First Destinations for the College Class of 2017
The report for the college Class of 2017 provides information about where graduates at the undergraduate and graduate levels land within six months of graduation. New graduate outcomes include various types of employment (full or part time, contract, temporary, etc.), additional education, entrance into the military or other service, still seeking (not employed, not continuing education), and not seeking. The report also provides starting salary data for those employed full time.
Outcomes data are also broken down by region, control structure, CIP code, academic discipline, and academic title for bachelor’s and master’s degree levels. Bachelor’s degree data are also broken down by size of school, and Carnegie class.
Overall, NACE received responses from 368 schools/career centers detailing results for their 2017 graduates in four degree programs: 360 schools reported outcomes for bachelor’s degree graduates, 68 schools for their associate degree completers, 159 schools provided information for those completing a master’s degree program, and 81 institutions reported results for doctoral degree recipients.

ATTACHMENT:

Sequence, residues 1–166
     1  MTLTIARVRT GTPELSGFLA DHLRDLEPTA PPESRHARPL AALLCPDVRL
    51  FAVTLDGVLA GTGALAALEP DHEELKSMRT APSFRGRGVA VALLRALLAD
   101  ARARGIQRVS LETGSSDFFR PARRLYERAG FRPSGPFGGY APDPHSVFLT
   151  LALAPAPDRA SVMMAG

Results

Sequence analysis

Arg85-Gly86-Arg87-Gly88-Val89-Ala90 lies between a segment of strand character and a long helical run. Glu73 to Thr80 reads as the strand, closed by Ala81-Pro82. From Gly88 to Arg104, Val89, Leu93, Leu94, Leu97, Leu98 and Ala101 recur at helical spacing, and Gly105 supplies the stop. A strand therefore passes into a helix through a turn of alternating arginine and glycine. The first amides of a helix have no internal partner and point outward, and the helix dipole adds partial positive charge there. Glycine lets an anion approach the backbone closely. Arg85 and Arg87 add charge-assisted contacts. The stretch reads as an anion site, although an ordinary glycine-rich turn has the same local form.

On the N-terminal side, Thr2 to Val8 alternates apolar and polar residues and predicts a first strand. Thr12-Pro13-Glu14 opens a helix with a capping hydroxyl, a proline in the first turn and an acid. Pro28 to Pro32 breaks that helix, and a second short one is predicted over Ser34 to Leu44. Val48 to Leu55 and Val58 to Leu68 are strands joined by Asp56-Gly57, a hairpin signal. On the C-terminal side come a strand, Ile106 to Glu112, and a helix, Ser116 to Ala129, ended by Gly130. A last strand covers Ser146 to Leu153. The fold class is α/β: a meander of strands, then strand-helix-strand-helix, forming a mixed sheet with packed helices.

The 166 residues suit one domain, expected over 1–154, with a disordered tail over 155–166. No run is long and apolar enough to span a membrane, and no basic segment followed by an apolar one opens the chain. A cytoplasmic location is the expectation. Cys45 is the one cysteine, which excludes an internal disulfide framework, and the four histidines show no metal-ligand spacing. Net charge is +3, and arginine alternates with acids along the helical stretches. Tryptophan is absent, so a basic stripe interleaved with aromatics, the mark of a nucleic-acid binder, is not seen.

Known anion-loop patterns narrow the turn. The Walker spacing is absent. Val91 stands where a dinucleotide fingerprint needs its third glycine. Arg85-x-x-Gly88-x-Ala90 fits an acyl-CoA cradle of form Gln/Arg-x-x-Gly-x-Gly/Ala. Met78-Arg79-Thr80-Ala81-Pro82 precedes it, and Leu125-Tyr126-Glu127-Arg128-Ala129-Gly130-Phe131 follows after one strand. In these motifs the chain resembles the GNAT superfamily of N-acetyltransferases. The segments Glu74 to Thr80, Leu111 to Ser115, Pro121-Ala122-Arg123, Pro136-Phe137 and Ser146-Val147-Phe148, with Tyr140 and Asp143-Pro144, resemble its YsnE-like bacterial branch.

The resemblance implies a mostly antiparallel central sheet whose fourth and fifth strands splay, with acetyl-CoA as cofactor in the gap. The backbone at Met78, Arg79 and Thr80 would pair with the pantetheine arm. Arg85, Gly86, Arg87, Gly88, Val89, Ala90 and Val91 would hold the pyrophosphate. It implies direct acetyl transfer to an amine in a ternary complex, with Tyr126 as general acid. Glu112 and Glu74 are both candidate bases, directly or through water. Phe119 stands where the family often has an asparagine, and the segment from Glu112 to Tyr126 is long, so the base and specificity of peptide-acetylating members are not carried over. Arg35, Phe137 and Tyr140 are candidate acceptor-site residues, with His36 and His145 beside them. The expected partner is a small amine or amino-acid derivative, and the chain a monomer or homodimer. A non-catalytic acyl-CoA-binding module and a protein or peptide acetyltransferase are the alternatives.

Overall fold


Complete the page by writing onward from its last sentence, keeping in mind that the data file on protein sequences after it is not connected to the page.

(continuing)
In total, the graduating classes of these reporting institutions represent more than 695,000 graduates (550,000 at the bachelor’s degree level, 16,000 at the associate level, 113,000 at the master’s level; and 16,700 earning a doctoral degree). This translates to results for:
- 28.1 percent of all bachelor’s degree graduates.
- 14.0 percent of all master’s degree graduates.
- 9.2 percent of all doctoral degree graduates.
- 1.6 percent of all associate degree graduates.
To our knowledge, this represents the most comprehensive view of graduate outcomes currently available.
- What is the value of a college education? The report reaffirms that the overwhelming majority of graduates, regardless of the type of school or academic program from which they graduated, are able to land a positive outcome fairly quickly after graduation.
- Outcomes for 2017 bachelor’s degree graduates are virtually identical to those of their of 2016 counterparts: 84.4 percent were employed or pursuing additional education within six months of graduation, up from 81.0 percent.
- Among bachelor’s degree graduates, approximately one-third of disciplines experienced improvements in their outcomes, including increases in their full-time employment rate.
- All degree levels experienced an increase in average salary in nominal terms. However, only doctoral degree graduates saw a gain in real terms. Graduates at all other degree levels actually lost ground with their salaries once inflation was factored in. Averages fell 0.5 percent for bachelor’s degree graduates, 1.2 percent at the master’s degree level, and 0.3 percent for associate degree holders.
- In terms of salary, a master’s degree “pays.” The differential between 2017 master’s and bachelor’s degree graduates was 31.8 percent.
First Destination Survey Results